Yes, I agree.
I don’t think I was thinking of ambition in a narrow, “try hard” sort of way, but rather the motivation to find a way out of current circumstances. For you, for example, it was the realization that making better connections would open up more opportunities, and your ambition encouraged you to build those relationships.
I think you’re dead on right though, that many kids are in environments where opportunities are extraordinarily rare, and some much of what surrounds kids makes it so unlikely that they’ll end up somewhere positive. Grit and effort and growth mindset will get you little if you don’t have possibilities to act on.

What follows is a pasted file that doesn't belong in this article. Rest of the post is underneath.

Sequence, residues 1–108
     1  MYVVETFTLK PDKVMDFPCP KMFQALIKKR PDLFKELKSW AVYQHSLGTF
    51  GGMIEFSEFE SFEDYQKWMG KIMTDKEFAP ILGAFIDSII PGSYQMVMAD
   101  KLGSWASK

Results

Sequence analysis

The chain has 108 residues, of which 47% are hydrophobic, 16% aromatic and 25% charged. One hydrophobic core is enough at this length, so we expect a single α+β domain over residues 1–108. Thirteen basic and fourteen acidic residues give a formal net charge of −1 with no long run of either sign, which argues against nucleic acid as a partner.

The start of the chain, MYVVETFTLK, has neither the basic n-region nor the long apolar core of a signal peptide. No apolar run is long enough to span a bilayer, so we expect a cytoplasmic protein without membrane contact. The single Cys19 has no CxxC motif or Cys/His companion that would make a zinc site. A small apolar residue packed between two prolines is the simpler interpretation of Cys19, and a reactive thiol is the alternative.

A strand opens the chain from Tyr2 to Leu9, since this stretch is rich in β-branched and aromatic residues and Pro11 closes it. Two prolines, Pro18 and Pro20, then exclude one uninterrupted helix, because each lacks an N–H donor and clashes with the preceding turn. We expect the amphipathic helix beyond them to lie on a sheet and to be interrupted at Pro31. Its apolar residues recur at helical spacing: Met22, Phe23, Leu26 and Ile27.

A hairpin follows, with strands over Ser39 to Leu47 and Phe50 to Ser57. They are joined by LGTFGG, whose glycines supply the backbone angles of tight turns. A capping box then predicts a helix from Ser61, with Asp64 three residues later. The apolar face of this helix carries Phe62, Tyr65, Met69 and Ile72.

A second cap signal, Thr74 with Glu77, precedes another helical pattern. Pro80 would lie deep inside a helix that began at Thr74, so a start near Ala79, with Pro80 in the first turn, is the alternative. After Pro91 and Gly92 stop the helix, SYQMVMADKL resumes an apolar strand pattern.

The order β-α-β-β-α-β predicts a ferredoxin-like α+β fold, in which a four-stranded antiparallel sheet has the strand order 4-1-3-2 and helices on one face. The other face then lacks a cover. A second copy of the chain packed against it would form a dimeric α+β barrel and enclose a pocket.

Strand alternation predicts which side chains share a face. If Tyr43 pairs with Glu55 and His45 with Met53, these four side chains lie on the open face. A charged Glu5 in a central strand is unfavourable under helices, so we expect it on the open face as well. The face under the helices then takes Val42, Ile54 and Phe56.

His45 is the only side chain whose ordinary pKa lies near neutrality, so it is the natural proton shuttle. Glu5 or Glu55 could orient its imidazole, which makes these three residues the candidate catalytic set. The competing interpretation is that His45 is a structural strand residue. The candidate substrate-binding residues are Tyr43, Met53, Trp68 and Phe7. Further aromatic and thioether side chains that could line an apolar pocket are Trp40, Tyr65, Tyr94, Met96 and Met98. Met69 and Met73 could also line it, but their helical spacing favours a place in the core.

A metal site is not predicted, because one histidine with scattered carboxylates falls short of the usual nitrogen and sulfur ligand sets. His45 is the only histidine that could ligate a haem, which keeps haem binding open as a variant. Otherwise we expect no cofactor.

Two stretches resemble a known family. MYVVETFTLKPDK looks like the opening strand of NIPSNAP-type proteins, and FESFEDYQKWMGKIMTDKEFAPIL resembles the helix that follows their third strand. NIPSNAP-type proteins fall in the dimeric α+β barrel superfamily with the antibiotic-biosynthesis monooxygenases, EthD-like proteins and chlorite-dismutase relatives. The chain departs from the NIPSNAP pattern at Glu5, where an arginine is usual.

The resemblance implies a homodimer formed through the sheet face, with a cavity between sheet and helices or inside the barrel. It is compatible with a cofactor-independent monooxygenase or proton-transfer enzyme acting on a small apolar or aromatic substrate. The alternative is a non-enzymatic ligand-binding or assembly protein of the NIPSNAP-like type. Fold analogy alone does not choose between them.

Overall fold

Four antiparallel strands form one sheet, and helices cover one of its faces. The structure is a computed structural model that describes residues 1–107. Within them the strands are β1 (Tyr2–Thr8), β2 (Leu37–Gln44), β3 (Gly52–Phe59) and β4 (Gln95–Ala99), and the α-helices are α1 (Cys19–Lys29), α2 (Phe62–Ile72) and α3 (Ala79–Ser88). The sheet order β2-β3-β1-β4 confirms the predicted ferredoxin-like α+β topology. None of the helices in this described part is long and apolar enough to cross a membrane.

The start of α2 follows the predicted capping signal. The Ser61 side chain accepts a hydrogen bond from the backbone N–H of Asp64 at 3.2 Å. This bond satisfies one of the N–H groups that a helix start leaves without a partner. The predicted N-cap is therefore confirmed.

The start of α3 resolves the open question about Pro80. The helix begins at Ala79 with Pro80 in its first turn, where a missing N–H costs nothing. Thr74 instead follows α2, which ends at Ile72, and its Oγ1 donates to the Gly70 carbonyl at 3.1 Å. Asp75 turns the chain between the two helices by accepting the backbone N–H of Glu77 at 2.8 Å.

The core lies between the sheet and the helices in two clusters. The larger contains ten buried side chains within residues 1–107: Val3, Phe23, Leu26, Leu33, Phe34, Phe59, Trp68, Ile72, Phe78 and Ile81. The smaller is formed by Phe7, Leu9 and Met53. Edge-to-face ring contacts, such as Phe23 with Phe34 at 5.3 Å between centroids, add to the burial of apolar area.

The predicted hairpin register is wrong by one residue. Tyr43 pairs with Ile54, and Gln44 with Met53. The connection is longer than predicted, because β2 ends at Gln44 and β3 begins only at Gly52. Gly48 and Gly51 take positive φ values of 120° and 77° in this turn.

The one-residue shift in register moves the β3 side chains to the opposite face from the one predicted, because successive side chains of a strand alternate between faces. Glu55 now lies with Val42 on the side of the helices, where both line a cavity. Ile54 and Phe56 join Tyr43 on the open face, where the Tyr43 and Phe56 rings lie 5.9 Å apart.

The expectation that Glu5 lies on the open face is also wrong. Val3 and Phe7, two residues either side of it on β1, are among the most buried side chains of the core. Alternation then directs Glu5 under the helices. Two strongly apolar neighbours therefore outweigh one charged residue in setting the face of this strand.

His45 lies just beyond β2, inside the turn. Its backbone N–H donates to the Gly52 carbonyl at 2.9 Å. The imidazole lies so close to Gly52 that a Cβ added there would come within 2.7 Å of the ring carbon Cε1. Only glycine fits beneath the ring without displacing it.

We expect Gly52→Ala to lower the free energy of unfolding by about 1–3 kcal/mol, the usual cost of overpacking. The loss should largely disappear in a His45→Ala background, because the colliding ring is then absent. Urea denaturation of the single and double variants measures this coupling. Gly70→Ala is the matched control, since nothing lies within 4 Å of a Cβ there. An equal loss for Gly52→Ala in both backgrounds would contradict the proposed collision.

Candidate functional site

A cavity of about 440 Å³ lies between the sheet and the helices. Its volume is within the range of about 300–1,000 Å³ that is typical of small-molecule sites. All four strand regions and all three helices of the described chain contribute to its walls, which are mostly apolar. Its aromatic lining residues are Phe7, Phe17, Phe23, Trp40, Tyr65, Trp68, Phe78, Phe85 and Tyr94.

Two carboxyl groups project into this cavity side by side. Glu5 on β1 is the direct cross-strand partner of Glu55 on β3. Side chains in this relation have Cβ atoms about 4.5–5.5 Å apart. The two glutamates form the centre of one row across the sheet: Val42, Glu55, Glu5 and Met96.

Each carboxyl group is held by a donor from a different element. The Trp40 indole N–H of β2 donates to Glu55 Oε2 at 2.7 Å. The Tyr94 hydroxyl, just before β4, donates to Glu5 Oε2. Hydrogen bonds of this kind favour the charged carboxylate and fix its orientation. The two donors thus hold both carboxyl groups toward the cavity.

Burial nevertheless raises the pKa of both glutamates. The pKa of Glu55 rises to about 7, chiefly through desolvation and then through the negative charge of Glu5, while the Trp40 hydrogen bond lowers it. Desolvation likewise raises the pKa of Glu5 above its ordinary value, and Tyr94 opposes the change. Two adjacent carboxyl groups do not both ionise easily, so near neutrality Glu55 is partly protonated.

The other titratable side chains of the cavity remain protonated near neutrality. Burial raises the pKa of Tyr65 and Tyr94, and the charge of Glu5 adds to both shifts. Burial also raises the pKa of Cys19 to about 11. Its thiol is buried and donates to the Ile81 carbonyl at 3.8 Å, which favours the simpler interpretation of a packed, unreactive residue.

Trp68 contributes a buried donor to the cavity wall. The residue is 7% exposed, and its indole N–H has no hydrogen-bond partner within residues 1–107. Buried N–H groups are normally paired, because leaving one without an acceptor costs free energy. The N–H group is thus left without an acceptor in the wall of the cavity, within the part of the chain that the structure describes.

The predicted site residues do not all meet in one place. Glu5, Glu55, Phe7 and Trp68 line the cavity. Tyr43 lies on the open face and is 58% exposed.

And while certainly effort and grit play a role, I totally agree with you that they should never be default panacea we give to people. In coaching, for example, I’ve always believed that if you best answer to a team’s weak performance is to tell the kids to “work harder,” you’re a pretty crappy coach.
Likewise, as much as I like grit and growth mindset, I fear that educators can use “grit” as a cop out for weak instruction. Give a kid a boring, meaningless exercise, then when they rebel and struggle to stay focused, tell them that they need to build grit.